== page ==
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The Environmental Impacts of Militarization in Comparative Perspective: An Overlooked Relationship

Andrew K. Jorgenson, Brett Clark and Jennifer E. Givens

Keywords: CLIMATE CHANGE; CONFLICT; ENVIRONMENTAL SOCIOLOGY; GLOBALIZATION; MILITARIZATION; RESOURCE CONSUMPTION; SUSTAINABILITY; TREADMILL OF DESTRUCTION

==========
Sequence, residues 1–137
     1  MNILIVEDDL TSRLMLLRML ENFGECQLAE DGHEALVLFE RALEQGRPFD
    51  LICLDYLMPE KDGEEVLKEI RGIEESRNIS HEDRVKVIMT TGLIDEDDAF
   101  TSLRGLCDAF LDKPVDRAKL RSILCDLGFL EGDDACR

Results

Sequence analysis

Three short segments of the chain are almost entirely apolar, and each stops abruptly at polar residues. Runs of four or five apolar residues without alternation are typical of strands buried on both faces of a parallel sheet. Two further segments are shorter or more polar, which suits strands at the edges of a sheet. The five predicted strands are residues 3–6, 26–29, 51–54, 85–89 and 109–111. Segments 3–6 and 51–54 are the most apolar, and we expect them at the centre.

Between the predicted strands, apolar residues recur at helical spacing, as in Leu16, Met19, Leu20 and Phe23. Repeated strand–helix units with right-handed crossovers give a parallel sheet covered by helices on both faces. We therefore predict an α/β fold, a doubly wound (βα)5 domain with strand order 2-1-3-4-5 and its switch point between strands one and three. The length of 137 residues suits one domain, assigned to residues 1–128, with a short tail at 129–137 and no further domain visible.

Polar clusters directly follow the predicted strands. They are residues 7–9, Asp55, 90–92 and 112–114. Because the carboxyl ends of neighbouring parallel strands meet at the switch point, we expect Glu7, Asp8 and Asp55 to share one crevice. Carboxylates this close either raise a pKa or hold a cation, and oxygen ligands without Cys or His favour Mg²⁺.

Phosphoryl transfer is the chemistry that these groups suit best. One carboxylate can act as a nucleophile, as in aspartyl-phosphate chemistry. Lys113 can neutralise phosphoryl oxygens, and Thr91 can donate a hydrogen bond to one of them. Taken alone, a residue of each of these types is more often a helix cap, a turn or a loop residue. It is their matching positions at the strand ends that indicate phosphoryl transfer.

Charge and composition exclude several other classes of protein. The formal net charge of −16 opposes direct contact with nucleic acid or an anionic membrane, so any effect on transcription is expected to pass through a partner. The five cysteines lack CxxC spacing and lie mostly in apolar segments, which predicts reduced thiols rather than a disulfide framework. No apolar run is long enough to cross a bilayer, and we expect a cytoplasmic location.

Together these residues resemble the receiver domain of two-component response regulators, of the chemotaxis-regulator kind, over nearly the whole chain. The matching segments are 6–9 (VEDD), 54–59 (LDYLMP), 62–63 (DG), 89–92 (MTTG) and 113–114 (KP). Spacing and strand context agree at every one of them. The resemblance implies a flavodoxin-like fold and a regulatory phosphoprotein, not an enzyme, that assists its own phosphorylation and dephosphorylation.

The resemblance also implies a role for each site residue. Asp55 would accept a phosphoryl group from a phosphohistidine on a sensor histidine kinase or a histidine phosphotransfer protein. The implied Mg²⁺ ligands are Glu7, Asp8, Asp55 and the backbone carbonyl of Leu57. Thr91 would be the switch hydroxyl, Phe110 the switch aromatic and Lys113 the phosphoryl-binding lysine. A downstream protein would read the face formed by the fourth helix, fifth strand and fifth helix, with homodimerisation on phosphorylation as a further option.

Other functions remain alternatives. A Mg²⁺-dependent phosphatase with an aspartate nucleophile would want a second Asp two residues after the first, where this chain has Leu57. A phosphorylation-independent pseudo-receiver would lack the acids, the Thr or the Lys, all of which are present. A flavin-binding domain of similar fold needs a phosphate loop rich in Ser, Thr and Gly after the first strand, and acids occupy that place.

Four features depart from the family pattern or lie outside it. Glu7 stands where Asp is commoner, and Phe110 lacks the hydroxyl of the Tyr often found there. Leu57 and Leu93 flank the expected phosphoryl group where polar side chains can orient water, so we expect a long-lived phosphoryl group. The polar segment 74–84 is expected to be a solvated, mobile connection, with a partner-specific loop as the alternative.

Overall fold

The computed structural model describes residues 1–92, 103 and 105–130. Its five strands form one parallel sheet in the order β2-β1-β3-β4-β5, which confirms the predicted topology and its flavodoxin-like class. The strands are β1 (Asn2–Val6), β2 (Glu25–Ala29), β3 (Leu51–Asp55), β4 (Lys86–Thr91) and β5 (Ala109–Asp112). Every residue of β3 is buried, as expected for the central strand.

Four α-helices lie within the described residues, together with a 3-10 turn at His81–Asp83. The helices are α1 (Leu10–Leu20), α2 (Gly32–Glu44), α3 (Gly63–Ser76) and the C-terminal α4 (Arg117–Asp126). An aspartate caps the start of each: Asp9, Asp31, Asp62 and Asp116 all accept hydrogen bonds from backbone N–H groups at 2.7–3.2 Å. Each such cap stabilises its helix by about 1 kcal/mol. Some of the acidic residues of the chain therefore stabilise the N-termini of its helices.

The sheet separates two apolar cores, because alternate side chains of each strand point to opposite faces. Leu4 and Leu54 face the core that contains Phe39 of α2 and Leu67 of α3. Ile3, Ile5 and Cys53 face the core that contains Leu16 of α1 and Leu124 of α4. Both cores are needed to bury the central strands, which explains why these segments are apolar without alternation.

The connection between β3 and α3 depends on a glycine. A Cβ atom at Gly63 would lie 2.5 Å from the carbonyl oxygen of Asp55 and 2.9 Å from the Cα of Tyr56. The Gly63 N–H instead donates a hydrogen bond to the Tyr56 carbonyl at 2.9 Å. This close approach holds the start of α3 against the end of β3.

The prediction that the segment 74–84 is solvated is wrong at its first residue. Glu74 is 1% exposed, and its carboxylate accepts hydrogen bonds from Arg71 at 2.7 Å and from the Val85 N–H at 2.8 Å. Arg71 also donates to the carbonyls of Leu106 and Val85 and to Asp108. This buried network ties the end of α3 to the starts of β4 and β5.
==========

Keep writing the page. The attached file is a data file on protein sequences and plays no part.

Drawing from emergent areas of sociological research and theorization, the authors consider the environmental impacts of militaries from a comparative-international perspective. The article begins with an overview of treadmill of production and treadmill of destruction theories, the latter of which highlights the expansionary tendencies and concomitant environmental consequences of militarization. This theoretical overview is followed by a narrative assessment of military growth and energy consumption, with a particular focus on the US military over the past century. Next, the authors detail the various environmental impacts associated with the growth and structure of national militaries, briefly discuss potential future research directions, and conclude by calling for scholars in future studies on society/nature relationships to seriously consider the environmental and ecological impacts of the world's militaries.

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